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Changing dynamics of commercial banking

As the State Bank of Pakistan (SBP) is scheduled to announce Monetary Policy on Saturday, this week, it is anticipated that the central bank is obliged under the external pressure of multilateral donors to increase the policy rate by 25bps. It is also anticipated at each future announcement; rate will be increase to take it to 10% before 31st December 2018. The SBP raised the policy rate by 50 basis points to 6.5 percent in the last monetary policy announced in May. The central bank pushed up its policy rate by a cumulative 75 basis points since January 2018.

While the economic analysts fail to comprehend the logic behind interest rate hike, the sale objective seems to be increasing profit of commercial banks. It is a reward for their much criticized policy of putting most of the eggs in one basket, investing in government securities to support the Government of Pakistan to overcome its budget deficit.

Topline Securities has revised its interest rate forecast for calendar year 2018 and 2019 by 50bps each to 8.5% and 9.25% respectively from the current level of 6.5%. State Bank of Pakistan (SBP) in 2018 so far raised policy rate by 75bps to 6.5%. The brokerage house is of the opinion that banks having high current account to total deposits ratio and short term investment maturity profile will be the key beneficiaries.

This anticipation of rate hike bodes well for banking sector’s profitability that comprises of Interest on earning assets including Advances, Investments and other Lending, rises following rate hike. On the expense side, cost of remunerative deposits (which forms 66% of total deposits) and borrowings goes up.

It is to be noted that banks do not incur any cost on current accounts, therefore higher the current account the better it is for banks in rising interest rate scenario. On the asset side, the shorter the term of investments, the better it is for banks in rising interest rate scenario as they gets reprised more quickly.

Treasury-Bills (T-Bills) are short term in nature with maturity period of up to one year whereas Pakistan Investment Bonds (PIBs) are of longer duration instruments with maturity over and above one-year.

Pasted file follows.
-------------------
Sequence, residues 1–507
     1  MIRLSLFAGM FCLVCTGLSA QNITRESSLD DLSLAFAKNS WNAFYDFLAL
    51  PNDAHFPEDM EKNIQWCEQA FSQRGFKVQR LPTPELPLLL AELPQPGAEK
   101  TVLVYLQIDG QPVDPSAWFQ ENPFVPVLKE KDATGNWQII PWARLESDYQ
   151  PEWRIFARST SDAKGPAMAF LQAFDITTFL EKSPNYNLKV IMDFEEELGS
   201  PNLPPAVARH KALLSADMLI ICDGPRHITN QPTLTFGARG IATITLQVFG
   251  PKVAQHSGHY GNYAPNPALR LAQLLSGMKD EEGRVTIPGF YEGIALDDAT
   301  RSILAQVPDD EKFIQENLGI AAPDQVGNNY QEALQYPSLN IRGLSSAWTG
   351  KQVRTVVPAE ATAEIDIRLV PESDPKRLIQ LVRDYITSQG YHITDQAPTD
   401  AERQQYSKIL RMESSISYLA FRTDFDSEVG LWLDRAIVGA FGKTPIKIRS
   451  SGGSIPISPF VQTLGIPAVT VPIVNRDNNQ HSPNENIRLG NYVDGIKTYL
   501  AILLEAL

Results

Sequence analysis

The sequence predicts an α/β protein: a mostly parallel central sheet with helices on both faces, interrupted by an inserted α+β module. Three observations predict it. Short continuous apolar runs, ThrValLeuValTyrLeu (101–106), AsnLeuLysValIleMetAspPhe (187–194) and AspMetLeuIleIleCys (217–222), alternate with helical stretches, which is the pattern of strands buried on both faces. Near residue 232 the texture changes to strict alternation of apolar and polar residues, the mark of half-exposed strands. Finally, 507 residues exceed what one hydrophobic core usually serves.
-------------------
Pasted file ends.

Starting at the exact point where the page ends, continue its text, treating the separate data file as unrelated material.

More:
The brokerage house has revised interest rate forecast for calendar year 2018 and 2019. The revision in interest rate forecast is based on the premise that sharp deterioration in external account (expected Current Account Deficit of US$18 billion for FY18) and likely IMF program in 2018 would entail aggressive monetary tightening in upcoming monetary policies.

CPI inflation is also expected to average around 7% during 2018-20 on the back of depreciating PKR and rising oil prices. In June 2018, CPI inflation was recorded at 5.2%, taking FY18 inflation averaged 4%. In the last 2-years, SBP has maintained positive real interest rates of 1.8%. It is to be noted that SBP had also adopted a similar tightening approach in 2008 when interest rates were raised sharply by a cumulative 5% when Current Account Deficit (CAD) climbed to US$10 billion (8% of GDP) inflation peaked at 25%.


Sharp rise in interest rates are generally associated with pickup in loss ratio, as cost of borrowings increases. The brokerage house believes that the impact of the same will not be significant enough to nullify the impact of increased Net Interest Income from policy rate rise.

An analysis of last 18 years of Pakistan’s banking sector suggests that interest rates and loss ratio have a positive correlation of 0.3%, which means that on every 1% rise in interest rates, NPL ratio rises by only 0.3%, which is not significant enough to negatively impact profitability. Net advances of the sector as of March 2018 were reported at Rs6 trillion.

Banking industry was severely affected during 2008-09 economic turmoil as NPL ratio of the sector shot up from 8% in 2007 to 9% in 2008 and to 12% in 2009. During the said period, not only there was sudden rise in rates (discount rate raised by 5% to 15% in 2008) but overall macroeconomic growth slowed down sharply to 0.9% in FY09 from 5% in FY08) amid rising oil prices, impact of global financial crisis & spiraling inflation. Furthermore, consumer financing contributed around 8% of the total financing in 2009 which has now fallen to 4% of financing as per SBP, minimizing any chances of sharp hike in NPLs.

In contrast to 2008, NPL ratio is expected to marginally increase from 8% in 2018 to 9.5% in 2020 given 1) GDP growth rate is expected to average 5% in FY19 & FY20, 2) lower exposure to consumer financing, 3) higher consumer confidence and 4) improved financial health of banks.

It is believed that banks with high exposure in consumer financing including Silk Bank (SILK), BankIslami (BIPL) and Standard Chartered Bank (SCBPL) may be more affected from sharp rise in interest rates, due to the increase in NPLs.

Banking Index (BKTI) in year to date is down 1.7% versus KSE-100 index which is down 0.5%. This underperformance was mainly due to few of the negative developments like pension case, continuation of super tax, tightening of regulation in regards with BASEL-III implementation and bank specific issues relating to UBL and HBL.

The brokerage house believes that the negatives have been priced in as most of the banking scrips are trades at attractive prices, offering ROE of 16% as compared to average ROE of 15% during last 5-years. Banks also offers attractive dividend yield of 7%. In 2018, sector earnings may remain flat amid maturity of high yielding PIBs and one-off pension cost. However, from 2019 onward banks are expected to witness strong earnings growth owing to expected rise in interest rates and strong balance sheet growth.

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